SOUTH KOREA: The National Intelligence Service is a root cause of the crackdown on democracy and human rights 

The country has entered into political turmoil. It is because of a series of allegations of illegal interference by the National Intelligence Service (NIS) in the Presidential election, held in December last year. As more information is released, those who worry about democracy in the country – including students – are starting to decry the current political situation. There is involvement from civil society groups, such as religious groups, as well as scholars, journalists, and Koreans living overseas.

It has been reported by the media that the NIS has systematically run a team that conducts advertising policies from the current ruling party, criticising opposition parties on the Internet. The NIS team was established for psychological warfare against North Korea, but the actual tasks undertaken were to influence and control public opinion of ordinary citizens deemed to be the leftist in South Korea. Reportedly, the team, under the orders of the former Director of the NIS, wrote thousands of comments on the Internet prior to the Presidential election, praising the former President and the new candidate from the ruling party, who is the current President, and criticising the candidate from opposition party.

There is no question that fair elections are an important element in guaranteeing democracy and human rights. Elections should be conducted fairly so that both parties, regardless of the results of the election, are able to accept the result. However, it may lead to a different situation if government institutions with power interfere in the process of elections try to influence the electorate, which normally occurs in countries where democracy and the rule of law are yet to become reality or are not stable.

In the context of South Korea, the NIS has historically been at the centre of such bodies influencing other ordinary government organs, including the police, prosecutor’s office and the judiciary. This is because the NIS is legally under the direct control of the President. The role of the NIS has been defined according to the character of past governments. After the June 10 democracy movement in 1987, it has been thought that the NIS also changed. Thus, it has been forgotten that the NIS continued to work from behind and not in the open like in the past.

The heads of political parties, including the ruling and opposition parties, have agreed to have an investigation into state administration at the National Assembly, whose proposal will be voted on at the National Assembly on July 2. The Asian Human Rights Commission (AHRC) strongly supports thorough investigations into the alleged interference by the NIS in the Presidential election and, at the same time, urges all parties concerned to reform the NIS Act.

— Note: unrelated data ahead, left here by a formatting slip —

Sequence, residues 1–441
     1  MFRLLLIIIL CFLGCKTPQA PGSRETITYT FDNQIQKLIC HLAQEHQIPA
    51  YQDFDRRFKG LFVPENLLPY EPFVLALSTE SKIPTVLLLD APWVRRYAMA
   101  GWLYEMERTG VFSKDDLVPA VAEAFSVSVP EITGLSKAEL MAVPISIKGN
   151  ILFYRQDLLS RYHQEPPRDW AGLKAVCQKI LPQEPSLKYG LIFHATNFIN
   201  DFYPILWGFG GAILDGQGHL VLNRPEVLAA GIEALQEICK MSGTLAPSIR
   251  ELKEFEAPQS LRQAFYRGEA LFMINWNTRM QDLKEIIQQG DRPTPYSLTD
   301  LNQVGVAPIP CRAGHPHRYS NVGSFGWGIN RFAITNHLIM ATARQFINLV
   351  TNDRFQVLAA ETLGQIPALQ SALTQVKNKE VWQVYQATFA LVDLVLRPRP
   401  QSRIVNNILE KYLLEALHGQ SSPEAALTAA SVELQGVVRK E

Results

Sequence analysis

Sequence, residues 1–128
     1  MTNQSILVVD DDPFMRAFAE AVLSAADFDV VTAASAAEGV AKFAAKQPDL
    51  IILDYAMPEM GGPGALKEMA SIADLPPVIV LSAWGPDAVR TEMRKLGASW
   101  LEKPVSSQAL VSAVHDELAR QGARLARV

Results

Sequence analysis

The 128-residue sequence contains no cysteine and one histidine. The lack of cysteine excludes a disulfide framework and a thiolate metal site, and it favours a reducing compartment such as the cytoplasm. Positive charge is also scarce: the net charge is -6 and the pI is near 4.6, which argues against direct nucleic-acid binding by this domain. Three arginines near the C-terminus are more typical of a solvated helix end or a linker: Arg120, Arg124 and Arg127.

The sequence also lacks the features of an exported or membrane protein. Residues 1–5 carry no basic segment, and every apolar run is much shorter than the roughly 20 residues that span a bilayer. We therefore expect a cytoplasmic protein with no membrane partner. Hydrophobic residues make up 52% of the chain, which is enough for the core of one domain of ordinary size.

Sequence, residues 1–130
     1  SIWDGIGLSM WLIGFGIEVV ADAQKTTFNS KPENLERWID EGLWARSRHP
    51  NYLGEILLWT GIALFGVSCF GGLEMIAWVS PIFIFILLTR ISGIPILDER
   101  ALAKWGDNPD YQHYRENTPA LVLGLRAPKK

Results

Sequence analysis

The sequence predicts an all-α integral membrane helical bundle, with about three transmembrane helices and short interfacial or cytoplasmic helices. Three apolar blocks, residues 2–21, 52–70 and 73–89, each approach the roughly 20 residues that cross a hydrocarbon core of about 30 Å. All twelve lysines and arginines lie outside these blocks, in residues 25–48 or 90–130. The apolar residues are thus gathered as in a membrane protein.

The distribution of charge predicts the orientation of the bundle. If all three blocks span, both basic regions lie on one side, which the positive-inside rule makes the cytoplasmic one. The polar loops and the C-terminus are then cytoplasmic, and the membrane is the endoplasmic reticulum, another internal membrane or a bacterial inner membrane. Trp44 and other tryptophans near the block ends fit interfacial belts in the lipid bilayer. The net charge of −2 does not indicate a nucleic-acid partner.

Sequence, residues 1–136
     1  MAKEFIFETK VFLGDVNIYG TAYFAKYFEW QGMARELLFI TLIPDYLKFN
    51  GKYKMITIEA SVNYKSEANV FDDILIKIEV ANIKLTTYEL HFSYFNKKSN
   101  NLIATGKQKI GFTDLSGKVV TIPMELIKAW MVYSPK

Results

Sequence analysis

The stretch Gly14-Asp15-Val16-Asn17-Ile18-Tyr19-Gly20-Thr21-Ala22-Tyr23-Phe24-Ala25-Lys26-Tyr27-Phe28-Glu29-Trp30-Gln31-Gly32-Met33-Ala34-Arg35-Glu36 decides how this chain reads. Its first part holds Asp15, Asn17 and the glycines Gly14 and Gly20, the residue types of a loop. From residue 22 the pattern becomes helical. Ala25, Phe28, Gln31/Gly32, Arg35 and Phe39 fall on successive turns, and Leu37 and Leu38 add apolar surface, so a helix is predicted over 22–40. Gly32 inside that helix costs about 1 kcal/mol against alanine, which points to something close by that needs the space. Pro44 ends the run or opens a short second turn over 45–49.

Firstly, the investigations into state administration at the National Assembly are the result of political negotiations. Therefore, as often happens, the right and desire to find out the truth is not always the goal of this sort of investigation, and there is a high chance that the investigative process will be used for the benefit of parties in political disputes. All parties involved should be warned not to take advantage of this process, but to find out the truth for the people, who have the right to know. The evidence obtained through the investigations must be able to be used for the prosecution and punishment of those alleged offenders according to the law.

Secondly, the current debate should be enlarged by looking into the reason for the failure of the investigatory agencies in the country. Before the NIS interference came into the view of the public, the police did investigate one of the staff at the NIS and hurriedly released an interim investigation report before the Presidential election. This investigation was later found to have had serious flaws. In South Korea, the Prosecutor’s Service has de facto investigatory as well as prosecutorial power. Therefore, it is reasonable to believe that the Prosecutor’s Service were involved in the police investigation that ended before the election, since the matter itself was serious enough to bring to the notice of the Prosecutor’s Service.

As shown by the limitations in the investigation itself, as pointed out earlier, the investigatory agencies should be reformed. They should be strengthened, but not under the current setup; these reforms should come only after the reformation of those other agencies. Reforms should not be based on giving agencies more power than others, but rather on how the investigatory power can be checked and balanced among the government institutions. This also applies to the prosecutorial power.

The AHRC is of the view that, regardless of the findings of the investigation at the National Assembly, this opportunity to reform the NIS Act should be taken. The allegations of interference into the Presidential election by the NIS, although it is serious matter, is not the sole issue, but is one of many, including illegal surveillance and pressure on enterprises. The activity of the NIS should be controlled not by the President, as it is now, but by the relevant oversight committee, where policy makers would get full reports from the NIS.

The current setup of the NIS Act, under the sole control of the President, is a remnant of past military dictatorship. It is high time to democratically control the activity of the NIS so as to meet the level of democracy and rule of law in the country. History tells us that, when there are attempts to conceal the truth, more and more will emerge in the end.

Document Type : Statement
Document ID : AHRC-STM-123-2013
Countries : South Korea,
Issues : Democracy, Judicial system, Military, Rule of law,